The state of cybersecurity at financial institutions


The state of cybersecurity at financial institutions

There’s no “one-size-fits-all” approach

How do financial services firms measure success with cybersecurity? A Deloitte survey examined how firms developed and deployed best practices. While many approaches are unique to individual firms, institutions are best to scrutinize and learn from their peers’ experiences.

We surveyed CISOs from 51 companies about how they are discharging their responsibilities in protecting the digital fortresses at banks, investment management firms, insurance companies, and other financial services institutions (FSIs). The results provide a preliminary snapshot of how many FSIs may go about handling cybersecurity, while generating intriguing insights that warrant further exploration.

CISOs strive to upgrade cybersecurity

How do you measure what “good” looks like when it comes to cybersecurity at financial services companies?

The answer may be difficult to determine in the midst of a constantly changing threat landscape, and at a time when shifting business priorities and exponential technology forces are changing how many organizations approach management of cyber risks. In dealing with these challenges, chief information security officers (CISOs) often face a number of difficult questions:

  • Does the operating model (centralized vs. decentralized) matter?
  • Which factors determine the role of CISOs in terms of reporting relationships and influence within their companies?
  • What role does the innovation agenda play in deciding how much of the cyber risk budget could be used for transformative vs. operational investments?
  • Is there an “efficiency ratio” that can be applied to cyber risk management functions?
  • Is there an empirical way to compare one financial institution’s cyber risk management program to another?


Observations from the survey

Characteristics often differ by maturity level

If money is not the sole criterion of cybersecurity effectiveness, what factors differentiated the risk management approaches and practices of adaptive respondents—those that have reached the highest implementation tier in the NIST framework—from their lower maturity level counterparts? Here are a few observations:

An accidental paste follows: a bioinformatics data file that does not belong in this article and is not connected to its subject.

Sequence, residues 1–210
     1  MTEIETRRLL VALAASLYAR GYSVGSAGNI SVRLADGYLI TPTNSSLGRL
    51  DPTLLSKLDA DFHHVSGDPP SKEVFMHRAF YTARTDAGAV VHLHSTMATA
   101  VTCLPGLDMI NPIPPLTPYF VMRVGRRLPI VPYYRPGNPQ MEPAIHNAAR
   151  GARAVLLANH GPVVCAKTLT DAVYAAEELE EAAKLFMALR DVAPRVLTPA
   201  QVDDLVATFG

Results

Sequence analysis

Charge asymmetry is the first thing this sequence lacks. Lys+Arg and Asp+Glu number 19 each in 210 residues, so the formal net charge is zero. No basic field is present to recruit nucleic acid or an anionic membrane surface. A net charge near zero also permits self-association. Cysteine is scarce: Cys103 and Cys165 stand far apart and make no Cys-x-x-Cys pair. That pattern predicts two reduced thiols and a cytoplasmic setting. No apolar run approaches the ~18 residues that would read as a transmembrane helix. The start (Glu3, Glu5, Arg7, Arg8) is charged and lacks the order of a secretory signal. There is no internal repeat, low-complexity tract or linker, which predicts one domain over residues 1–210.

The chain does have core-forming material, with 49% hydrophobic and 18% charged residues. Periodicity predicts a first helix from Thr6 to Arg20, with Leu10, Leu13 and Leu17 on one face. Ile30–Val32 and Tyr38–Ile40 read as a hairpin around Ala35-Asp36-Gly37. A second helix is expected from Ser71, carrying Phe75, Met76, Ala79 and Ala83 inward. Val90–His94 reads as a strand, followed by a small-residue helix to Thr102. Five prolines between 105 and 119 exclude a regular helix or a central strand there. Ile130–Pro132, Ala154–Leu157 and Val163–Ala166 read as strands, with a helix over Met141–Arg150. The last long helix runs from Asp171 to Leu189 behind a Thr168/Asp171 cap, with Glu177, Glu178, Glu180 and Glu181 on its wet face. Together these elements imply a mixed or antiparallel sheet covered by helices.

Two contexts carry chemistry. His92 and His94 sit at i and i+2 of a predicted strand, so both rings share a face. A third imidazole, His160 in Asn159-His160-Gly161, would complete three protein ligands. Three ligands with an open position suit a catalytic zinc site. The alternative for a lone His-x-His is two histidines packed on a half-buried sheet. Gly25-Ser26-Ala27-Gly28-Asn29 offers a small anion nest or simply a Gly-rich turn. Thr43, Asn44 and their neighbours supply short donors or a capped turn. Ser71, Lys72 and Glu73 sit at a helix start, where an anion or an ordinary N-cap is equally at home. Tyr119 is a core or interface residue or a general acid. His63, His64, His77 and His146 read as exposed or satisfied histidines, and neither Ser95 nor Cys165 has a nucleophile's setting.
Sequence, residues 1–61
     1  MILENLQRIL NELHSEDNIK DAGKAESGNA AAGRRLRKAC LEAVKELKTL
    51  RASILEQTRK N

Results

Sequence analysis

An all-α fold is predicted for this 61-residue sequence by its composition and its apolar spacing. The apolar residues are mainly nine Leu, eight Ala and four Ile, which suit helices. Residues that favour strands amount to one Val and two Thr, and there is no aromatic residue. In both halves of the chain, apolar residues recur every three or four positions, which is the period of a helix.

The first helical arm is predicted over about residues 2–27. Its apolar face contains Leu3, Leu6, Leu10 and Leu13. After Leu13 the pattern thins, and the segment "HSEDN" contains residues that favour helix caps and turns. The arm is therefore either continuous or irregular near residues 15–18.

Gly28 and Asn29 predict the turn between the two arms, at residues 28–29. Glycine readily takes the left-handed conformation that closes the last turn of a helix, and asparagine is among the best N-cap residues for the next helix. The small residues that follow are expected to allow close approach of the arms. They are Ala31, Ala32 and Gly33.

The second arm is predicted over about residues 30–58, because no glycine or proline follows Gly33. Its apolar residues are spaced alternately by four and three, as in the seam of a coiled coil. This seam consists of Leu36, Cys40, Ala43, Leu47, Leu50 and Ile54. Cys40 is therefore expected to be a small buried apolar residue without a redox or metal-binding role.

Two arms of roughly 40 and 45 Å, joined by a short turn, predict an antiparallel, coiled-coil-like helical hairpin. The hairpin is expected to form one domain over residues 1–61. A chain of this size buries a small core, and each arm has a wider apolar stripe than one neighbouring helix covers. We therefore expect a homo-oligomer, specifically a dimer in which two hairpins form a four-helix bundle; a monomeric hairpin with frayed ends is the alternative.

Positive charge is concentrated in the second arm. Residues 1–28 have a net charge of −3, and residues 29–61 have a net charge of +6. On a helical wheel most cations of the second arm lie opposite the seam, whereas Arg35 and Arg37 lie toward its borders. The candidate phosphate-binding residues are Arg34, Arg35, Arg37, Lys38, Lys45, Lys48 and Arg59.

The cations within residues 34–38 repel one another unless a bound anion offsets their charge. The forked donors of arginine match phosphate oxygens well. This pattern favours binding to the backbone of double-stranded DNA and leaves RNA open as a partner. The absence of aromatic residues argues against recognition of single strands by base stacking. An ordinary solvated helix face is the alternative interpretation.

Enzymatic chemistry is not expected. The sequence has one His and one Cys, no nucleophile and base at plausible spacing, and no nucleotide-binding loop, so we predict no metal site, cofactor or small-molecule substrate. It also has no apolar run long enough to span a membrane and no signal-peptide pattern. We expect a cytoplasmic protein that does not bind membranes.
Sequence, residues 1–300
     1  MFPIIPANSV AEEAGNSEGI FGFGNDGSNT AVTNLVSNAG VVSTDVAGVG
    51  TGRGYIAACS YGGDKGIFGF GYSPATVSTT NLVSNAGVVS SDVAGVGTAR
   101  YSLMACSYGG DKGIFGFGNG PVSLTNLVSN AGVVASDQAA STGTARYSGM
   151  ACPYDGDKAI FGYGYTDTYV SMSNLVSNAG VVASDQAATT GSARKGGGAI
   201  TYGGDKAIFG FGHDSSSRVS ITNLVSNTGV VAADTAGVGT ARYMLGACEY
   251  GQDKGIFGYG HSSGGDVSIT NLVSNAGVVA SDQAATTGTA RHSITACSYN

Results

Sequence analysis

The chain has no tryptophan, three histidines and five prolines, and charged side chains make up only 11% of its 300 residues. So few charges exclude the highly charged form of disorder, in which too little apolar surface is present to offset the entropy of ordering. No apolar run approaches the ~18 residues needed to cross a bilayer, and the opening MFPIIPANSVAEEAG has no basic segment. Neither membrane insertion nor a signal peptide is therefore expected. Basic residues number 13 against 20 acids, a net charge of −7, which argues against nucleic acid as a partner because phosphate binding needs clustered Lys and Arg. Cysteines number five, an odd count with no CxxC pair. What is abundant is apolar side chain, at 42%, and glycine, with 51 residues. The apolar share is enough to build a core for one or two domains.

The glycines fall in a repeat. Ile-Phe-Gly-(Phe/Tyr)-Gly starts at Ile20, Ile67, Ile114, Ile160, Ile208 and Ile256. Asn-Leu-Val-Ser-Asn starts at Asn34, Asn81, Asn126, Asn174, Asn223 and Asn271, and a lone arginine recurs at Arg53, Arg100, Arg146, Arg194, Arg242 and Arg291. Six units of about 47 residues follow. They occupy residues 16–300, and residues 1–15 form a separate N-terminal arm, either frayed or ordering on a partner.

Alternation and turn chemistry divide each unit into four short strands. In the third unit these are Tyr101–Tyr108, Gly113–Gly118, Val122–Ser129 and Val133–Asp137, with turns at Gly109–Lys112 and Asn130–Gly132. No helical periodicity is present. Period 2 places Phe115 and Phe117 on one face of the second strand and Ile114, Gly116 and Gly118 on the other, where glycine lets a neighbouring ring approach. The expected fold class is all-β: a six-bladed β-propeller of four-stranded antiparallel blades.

• Accountability starts at the top
  • Shared responsibilities make a difference
  • Multiple lines of defense are maintained
  • Cyber risk exposure is distributed
  • Outside support is sought


Size tends to matter when it comes to cybersecurity programs

The study raised a number of other points of distinction when it comes to how larger financial institutions responding to the survey handle their cybersecurity operations. Among the more noteworthy observations:

  • FSIs may not be allocating enough resources
  • Type of ownership makes a difference
  • Meat and potatoes over dessert (Survey respondents spent more than two-thirds of their cybersecurity budgets on operational activities, vs. less than one-third on transformational initiatives)
  • CISO reporting relationships vary
  • Innovation is a top priority


Lessons learned from the survey and hands-on interaction with companies

While this survey represents a small sample of the financial services community, the results nevertheless indicate steps companies can consider as they continue to upgrade their cybersecurity capabilities and maturity level. In many cases, these observations seem to reinforce the fact that there is a wide spectrum in the maturity of cyber risk management throughout the industry. As a whole, companies should keep raising their game to stay on top of evolving cyber exposures while enabling secure innovation.

Financial institutions should consider the following actions:

  • Proactively engage the board
  • Engage the entire organization in cybersecurity
  • Provide multiple lines of defense
  • Alter the mix of a CISO’s responsibilities

At present, we have just scratched the surface when it comes to cybersecurity benchmarking. Future surveys are likely to seek more information on cybersecurity budgets and headcounts by maturity level and company size to create benchmarks such as:

  • Maturity score by NIST domain
  • Cybersecurity spending as a percentage of IT spending, as well as per FTE
  • Number of cyber risk FTEs as a percentage of information security and total IT personnel

However, while benchmarks could help financial institutions assess their readiness to handle cyber risk, remaining secure, vigilant, and resilient also likely requires the industry to look beyond their own experiences and continue working together with broader communities facing the same threats.

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